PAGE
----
Major cyber attacks are featured in the global news with ever-increasing frequency and, according to many cyber security experts, 2017 was, by far, the worst year for large-scale cyber attacks. This trend has created the necessity for pro-active threat detection. Unfortunately, many C-level executives are still not on board with this idea and would rather save some money than adopt any of these practices.
By far, pro-active real-time asset monitoring done by professional threat hunters with an aid of analytical software is the best way of minimising the risk of cyber attacks. The practice encompasses whole range of methods, such as scanning the networks for any open ports, detecting unusual activity patterns and assessing how secure the endpoints are. Even gaining unauthorised access via social engineering, something that was completely undefendable against by security professionals in the past, can be detected by threat hunters who are sufficiently skilled.
Despite its undoubted effectiveness, many large multinational organisations still don't treat pro-active cyber threat hunting as a priority. The reasoning of top-level executives is that, most of the time, there will be no attempted cyber attacks on the system that lower level cyber security professionals or even humble system administrators would not be able to defend against, so highly-skilled and highly-paid threat hunters would be a waste of money most of the time. Unfortunately, cyber attacks are getting much more sophisticated. Therefore, while the idea that pro-active threat hunting is just a nice-to-have luxury rather than a necessity prevails, we will see more articles on the news about major data breaches.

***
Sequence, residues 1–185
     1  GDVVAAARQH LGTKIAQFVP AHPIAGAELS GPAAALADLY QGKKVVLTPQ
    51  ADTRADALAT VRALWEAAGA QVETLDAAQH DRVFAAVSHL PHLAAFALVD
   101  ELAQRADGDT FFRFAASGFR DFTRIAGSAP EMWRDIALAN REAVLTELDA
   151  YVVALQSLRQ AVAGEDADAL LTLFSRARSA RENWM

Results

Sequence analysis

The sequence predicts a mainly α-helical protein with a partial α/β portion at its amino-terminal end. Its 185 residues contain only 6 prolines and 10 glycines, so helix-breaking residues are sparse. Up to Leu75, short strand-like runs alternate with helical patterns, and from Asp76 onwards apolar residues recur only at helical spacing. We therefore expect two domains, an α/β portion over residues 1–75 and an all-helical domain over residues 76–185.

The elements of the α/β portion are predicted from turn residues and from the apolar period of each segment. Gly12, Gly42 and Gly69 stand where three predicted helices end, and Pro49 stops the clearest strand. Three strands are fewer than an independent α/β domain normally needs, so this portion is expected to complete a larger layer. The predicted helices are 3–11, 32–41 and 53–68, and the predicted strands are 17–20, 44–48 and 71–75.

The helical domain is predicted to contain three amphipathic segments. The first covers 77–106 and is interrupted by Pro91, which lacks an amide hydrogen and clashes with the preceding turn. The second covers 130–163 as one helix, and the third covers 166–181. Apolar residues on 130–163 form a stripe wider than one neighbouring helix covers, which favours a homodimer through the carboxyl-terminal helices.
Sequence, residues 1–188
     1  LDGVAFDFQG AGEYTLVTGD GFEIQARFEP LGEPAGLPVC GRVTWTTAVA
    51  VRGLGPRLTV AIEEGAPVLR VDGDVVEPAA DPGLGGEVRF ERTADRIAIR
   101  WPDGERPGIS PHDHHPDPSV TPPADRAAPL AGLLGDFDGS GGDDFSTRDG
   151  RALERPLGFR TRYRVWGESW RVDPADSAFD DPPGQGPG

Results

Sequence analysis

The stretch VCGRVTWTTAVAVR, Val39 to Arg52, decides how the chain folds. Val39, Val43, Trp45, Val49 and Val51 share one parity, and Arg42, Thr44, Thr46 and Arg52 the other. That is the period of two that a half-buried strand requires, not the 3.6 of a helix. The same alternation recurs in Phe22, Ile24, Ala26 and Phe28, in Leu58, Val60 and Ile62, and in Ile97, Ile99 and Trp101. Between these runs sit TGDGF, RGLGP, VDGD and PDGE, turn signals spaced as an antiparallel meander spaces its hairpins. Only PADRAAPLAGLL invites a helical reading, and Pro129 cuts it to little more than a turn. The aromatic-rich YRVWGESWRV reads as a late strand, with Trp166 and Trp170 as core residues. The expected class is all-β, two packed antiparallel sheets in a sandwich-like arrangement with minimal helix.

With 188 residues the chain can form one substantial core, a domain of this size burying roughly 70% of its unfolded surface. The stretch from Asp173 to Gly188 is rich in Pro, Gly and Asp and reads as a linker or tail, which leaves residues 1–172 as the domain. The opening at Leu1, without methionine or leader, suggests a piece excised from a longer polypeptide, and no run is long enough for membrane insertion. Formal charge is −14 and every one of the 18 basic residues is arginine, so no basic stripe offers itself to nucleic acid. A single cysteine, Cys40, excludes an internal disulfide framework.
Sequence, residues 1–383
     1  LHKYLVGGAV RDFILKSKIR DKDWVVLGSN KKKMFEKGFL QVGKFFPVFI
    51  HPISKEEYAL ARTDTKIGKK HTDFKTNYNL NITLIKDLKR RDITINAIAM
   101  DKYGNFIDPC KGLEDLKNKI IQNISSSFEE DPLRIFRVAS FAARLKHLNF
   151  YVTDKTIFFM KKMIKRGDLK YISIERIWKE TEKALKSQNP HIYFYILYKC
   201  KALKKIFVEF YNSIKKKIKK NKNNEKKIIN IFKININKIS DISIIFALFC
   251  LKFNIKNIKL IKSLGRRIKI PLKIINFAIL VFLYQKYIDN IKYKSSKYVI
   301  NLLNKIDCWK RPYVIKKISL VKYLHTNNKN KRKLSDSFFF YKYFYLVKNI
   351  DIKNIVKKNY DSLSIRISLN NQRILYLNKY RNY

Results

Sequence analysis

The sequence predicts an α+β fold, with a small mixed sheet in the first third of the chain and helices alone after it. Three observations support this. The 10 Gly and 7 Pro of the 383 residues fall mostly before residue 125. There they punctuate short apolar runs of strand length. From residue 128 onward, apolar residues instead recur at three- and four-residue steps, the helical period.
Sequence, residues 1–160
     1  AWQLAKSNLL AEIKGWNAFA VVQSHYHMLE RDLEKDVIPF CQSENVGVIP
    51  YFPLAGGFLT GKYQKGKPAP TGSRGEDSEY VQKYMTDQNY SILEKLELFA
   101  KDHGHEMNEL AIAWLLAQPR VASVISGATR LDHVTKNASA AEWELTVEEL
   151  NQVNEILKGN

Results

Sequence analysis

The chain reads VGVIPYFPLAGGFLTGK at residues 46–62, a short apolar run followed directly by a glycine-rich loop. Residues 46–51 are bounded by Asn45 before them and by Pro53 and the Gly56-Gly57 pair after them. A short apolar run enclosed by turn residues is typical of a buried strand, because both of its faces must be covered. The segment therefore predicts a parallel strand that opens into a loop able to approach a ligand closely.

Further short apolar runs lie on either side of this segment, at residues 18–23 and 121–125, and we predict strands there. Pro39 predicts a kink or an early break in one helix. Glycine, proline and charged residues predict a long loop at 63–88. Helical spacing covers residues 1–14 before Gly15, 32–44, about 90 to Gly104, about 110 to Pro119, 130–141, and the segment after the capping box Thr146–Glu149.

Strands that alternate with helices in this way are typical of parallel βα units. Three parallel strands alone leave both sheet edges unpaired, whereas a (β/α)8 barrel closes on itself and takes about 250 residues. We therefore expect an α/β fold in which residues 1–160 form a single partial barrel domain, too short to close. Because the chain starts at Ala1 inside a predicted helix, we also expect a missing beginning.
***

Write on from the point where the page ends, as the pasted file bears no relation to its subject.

While the frequency of cyber attacks on large organisations is not going down, the best practice from the user's perspective is to only ever share the least amount of information possible. Whenever you will need to fill a web-based form, ask yourself whether doing so is absolutely essential for the quality of your life. Can you achieve what you are aiming at without filling this form? If you have decided to go ahead and supply your details, it would be a good idea to leave any optional fields blank. The organisation that asked for your details may be totally trustworthy and committed to keeping your data safe. However, it may be run by one of those stubborn CEOs that insists on saving money by cutting corners on cyber security. In this case, despite the best intentions of the organisation itself, it is only a matter of time before someone gains malicious access to your data.
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Published by Mobile Tech Tracker
Posted on 20 Jan 2018